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Digital Is Not A Technology!: Exploring Digital Resistance And Meaningful Technological Encounters In The Post-Digital Society
Uppsala University, Disciplinary Domain of Humanities and Social Sciences, Faculty of Social Sciences, Department of Informatics and Media. Uppsala universitet.ORCID iD: 0000-0003-2876-0952
2019 (English)In: Manchester 2019: 14th ESA Conference - Abstract book, 2019Conference paper, Oral presentation with published abstract (Refereed)
Abstract [en]

Recent years have witnessed an intense “analog vs. digital”, and digital technology refusal debate among electronic musicians, with analog enthusiasts dismissing digital technology and software simulations as lifeless, fake and cold, instead preferring the characteristically organic and authentic sound of analogue synthesizers. The trenches seemed firmly dug by 2015: analog synthesizers are serious business; software synthesizers are for impatient utilitarians. In October of 2017, renowned musical synthesizer manufacturer Roland launched a hardware recreation of their 1987 instrument “Roland D-50”, using the headline “Vintage Digital” and describing it as “unabashedly digital” (Roland, 2017) The very idea of a “vintage” or “unique” digital technology is controversial; and alludes to distinctions made between old and new digital, much like the already established vintage and neo-analogue terminologies. This paper problematizes the relevance of analog and digital as significant concepts by exploring the idea of a revived, reconfigured or even historic “digital” by asking: What are the material and expressive negotiations that underpin what constitutes meaningful analogue and digital experiences?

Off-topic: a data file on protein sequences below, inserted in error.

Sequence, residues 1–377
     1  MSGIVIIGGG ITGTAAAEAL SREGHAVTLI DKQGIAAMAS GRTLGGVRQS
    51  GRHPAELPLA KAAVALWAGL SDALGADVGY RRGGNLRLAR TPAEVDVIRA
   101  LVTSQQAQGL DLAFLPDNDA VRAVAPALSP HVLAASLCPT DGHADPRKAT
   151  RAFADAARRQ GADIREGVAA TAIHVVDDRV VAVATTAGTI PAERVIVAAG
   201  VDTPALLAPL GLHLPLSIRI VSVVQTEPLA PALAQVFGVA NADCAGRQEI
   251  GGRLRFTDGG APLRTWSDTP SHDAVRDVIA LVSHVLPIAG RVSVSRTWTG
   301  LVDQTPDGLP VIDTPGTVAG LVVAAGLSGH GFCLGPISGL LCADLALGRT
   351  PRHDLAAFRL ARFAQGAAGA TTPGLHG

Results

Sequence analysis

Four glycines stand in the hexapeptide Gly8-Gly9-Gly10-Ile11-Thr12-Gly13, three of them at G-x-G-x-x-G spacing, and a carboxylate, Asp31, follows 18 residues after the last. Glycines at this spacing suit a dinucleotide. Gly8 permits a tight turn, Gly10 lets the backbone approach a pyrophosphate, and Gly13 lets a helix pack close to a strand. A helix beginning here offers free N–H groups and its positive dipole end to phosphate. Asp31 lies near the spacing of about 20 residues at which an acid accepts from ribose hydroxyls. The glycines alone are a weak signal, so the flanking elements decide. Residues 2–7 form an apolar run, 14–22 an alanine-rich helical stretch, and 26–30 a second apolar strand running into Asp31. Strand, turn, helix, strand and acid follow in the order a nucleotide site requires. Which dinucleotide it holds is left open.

Drawing on a perspective of post-digital aesthetics (eg. Berry, 2015; Cramer, 2015), and Manuel DeLanda’s (2016) concept of assemblage, this paper presents a qualitative case study of terminology use with findings from empirical data collected from a prominent online discussion forum to elucidate how the terms digital and analogue are evolving. Results indicate that the meanings of the terms “digital” and “analogue” are shifting from having been primarily grounded in technology and materiality to having become the expression of an aesthetic, giving new meaning to the word "digitization".

Place, publisher, year, edition, pages
2019.
National Category
Humanities and the Arts
Research subject
Sociology; Information Systems
Identifiers
URN: urn:nbn:se:uu:diva-392017ISBN: 978-2-9569087-0-8 (electronic)OAI: oai:DiVA.org:uu-392017DiVA, id: diva2:1346493
Conference
14th Conference of the European Sociological Association
Available from: 2019-08-28 Created: 2019-08-28 Last updated: 2019-08-28

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Thorén, Claes

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